The following Participating Institutions are custodians for this species in the CPC National Collection:
Rae Selling Berry Seed Bank & Plant Conservation Programs
The conservation of Calochortus umpquaensis is fully sponsored.
Edward Guerrant, Ph.D. contributed to this Plant Profile.
As its name suggests, Calochortus umpquaensis is only found along the Umpqua River in southwestern Oregon. It is restricted to serpentine soils, which characteristically have high concentrations of heavy, toxic metals. Despite its narrow range and specific soil requirements, this rare lily occurs within a broad continuum of habitats: from closed canopy coniferous forests to open grass-forb meadow.
On Aril 4, 1996, a conservation agreement was signed and implemented by the Bureau of Land Management (BLM), the Forest Service (USFS) and the Fish and Wildlife Service (USFWS). This agreement addressed the effects of timber harvest and cattle grazing on BLM lands. Already, the impact of this initiative is apparent. In the early 1990s 120,000 to 140,000 Umpqua mariposa lily individuals were estimated. By end of the 1990s, populations were estimated to total between 400,000 and 800,000 individuals on BLM lands alone. Based on this information, the Fish and Wildlife Service removed it from the list of Candidate for Endangered status in 1999 (USFWS 2000). It remains listed as endangered by the state of Oregon.
Distribution & Occurrence
Predominantly in grassland-forest ecotones on serpentine-derived soils (Fredricks 1989)
Serpentine soils (Fredricks 1992)
Broad range of habitats: from closed canopy coniferous forests to open grass-forb meadows. Predominantly in the ecotone (transition zone between the forest and meadow) (Fredricks 1992).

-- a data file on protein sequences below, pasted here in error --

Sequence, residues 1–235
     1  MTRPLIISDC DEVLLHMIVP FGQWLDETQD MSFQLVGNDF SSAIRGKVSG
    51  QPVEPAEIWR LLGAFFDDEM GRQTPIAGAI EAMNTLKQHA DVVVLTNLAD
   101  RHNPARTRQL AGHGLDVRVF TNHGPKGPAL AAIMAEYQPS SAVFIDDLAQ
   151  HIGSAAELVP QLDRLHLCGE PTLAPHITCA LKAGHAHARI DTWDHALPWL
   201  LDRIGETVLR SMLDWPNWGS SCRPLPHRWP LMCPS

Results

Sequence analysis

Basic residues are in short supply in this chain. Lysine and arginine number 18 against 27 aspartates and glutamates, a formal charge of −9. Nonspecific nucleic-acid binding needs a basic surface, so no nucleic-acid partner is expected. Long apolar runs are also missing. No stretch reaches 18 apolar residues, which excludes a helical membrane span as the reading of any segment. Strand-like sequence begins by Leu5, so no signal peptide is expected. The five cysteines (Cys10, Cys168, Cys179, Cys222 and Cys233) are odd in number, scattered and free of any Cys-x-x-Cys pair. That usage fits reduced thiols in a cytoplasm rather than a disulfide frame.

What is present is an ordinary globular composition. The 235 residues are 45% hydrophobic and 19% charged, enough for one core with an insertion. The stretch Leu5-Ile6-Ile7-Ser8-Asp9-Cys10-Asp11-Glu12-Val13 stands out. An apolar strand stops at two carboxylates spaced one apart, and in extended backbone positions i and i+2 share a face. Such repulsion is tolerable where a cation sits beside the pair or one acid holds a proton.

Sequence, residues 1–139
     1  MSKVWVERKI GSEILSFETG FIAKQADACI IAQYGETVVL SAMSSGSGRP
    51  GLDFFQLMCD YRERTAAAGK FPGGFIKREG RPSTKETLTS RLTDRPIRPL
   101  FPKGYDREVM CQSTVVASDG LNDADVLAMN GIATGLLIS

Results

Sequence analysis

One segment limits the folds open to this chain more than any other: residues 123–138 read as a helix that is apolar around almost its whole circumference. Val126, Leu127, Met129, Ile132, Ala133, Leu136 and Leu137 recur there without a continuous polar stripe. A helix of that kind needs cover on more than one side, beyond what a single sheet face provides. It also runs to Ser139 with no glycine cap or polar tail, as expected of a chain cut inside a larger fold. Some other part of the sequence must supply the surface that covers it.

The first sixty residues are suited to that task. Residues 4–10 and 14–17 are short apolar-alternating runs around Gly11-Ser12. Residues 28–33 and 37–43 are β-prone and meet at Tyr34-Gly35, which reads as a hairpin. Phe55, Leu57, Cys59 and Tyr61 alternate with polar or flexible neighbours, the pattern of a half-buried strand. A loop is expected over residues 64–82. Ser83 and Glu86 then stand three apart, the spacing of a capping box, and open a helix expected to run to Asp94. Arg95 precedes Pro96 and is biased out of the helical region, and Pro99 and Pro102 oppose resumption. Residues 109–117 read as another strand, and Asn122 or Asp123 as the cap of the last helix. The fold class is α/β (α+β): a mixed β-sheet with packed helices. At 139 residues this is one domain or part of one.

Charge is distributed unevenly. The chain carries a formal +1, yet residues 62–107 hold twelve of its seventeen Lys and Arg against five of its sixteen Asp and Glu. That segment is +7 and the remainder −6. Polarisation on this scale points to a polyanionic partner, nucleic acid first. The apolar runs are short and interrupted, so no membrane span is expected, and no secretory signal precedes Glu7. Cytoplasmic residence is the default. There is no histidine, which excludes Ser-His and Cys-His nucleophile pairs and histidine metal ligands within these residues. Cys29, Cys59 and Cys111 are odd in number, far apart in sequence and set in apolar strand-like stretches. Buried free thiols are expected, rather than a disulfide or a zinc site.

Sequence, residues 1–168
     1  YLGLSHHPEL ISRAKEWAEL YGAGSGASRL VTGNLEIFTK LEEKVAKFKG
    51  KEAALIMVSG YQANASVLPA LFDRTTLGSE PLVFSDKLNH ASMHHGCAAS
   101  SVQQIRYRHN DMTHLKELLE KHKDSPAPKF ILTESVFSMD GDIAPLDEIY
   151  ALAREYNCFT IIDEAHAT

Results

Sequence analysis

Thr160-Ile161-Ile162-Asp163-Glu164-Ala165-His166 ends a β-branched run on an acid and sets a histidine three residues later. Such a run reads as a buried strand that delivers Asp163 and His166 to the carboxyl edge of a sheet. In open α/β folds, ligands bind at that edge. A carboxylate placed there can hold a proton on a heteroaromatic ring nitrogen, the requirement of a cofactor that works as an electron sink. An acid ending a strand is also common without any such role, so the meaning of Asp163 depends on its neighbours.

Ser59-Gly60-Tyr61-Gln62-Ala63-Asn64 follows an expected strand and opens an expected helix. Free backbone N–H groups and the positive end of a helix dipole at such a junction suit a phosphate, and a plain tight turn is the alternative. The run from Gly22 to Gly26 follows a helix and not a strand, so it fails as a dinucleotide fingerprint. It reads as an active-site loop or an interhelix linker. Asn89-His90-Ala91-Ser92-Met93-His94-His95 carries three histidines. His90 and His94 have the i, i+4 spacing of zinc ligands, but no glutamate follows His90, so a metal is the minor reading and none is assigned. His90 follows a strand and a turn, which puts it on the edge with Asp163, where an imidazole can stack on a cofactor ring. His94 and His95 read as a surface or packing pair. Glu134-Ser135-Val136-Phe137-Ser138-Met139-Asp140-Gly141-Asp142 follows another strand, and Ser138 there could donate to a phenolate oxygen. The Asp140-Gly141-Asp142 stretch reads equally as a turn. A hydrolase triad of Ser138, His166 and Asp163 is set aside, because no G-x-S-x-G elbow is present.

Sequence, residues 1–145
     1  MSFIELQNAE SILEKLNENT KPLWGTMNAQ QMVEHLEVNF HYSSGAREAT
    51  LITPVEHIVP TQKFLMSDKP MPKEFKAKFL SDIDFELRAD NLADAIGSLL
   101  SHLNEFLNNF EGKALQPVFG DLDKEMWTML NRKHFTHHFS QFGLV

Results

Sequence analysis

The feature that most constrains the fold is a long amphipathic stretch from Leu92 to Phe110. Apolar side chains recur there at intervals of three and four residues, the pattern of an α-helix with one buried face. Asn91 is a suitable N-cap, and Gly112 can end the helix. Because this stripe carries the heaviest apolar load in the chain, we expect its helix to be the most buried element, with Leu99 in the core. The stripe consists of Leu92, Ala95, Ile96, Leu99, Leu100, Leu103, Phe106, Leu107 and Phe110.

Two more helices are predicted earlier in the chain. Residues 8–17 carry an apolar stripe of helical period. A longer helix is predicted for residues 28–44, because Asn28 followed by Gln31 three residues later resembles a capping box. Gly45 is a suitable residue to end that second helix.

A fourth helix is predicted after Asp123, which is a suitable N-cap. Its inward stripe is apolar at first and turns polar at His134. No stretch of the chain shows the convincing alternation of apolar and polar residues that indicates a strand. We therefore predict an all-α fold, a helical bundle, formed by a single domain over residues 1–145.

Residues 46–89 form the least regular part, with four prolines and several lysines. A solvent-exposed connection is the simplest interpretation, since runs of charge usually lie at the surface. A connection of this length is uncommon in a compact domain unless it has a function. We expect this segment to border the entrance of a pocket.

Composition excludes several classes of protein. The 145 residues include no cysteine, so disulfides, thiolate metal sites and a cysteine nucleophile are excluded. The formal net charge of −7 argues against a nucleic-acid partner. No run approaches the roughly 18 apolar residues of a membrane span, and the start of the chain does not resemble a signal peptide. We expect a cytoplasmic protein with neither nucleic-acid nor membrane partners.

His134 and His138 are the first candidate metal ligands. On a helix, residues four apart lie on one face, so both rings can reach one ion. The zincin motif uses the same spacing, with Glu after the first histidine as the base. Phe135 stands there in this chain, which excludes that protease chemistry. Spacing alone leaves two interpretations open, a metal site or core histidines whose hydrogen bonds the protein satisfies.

|2000: 14 populations (4 on BLM land), estimated 400,000 to 800,000 individuals on BLM land (USFWS 2000).|
Conservation, Ecology & Research
Even though it has a restricted range, C. umpquaensis is locally abundant and occurs within a rather broad continuum of habitats, from closed canopy coniferous forests to open grass-forb meadow. It is especially abundant in the transitional zone (ecotone) between the forest and meadows (Fredricks 1992).
In the coniferous forest, the overstory is composed of Pinus jeffreyi, Pseudotsuga menziessi, Calocedrus deccurrens and Arbutus menziesii. Meadows are species rich and dominated by grasses and herbaceous perennials. Within the meadow habitat, vegetation cover is patchy, with litter, bare soil, rock and moss openings of varying sizes (Fredricks 1992).
Since C. umpquaensis occurs across a wide range of habitats, Fredricks (1992) had an unusual opportunity to compare reproductive success, recruitment, and survival among a gradient of light, moisture, pollen vector and nutrient resource. Individuals were densest, produced more buds, and were on average larger in the ecotone habitat. The higher density did not seem to result from direct competition, since vegetative cover was highest in the ecotone. Rather, it is plausible that decreased light levels in the forest and low moisture in the meadow limited growth. C. umpquaensis may be more successful in ecotonal habitats because this area contains a combination of adequate moisture necessary for seedling survival and adequate light required for adult reproductive success. A high level of capsule abortion in forested habitats indicates that pollinators may also be less active in this cooler, shaded area (Fredricks 1992).
In demographic studies, there was a positive correlation between February through May precipitation and flower production. Correlations between precipitation, recruitment and mortality warrant further exploration (Fredricks 1992). Microhabitats strongly influence seedling establishment. Plants rarely establish in close proximity to other vegetation. In the forested habitat, the distribution of plants closely corresponds to the availability of leaf litter microsites. In the meadow, where desiccation posses a great threat, plants are found in mossy microsites. Litter is the preferred substrate for ecotonal plants (Fredricks 1992).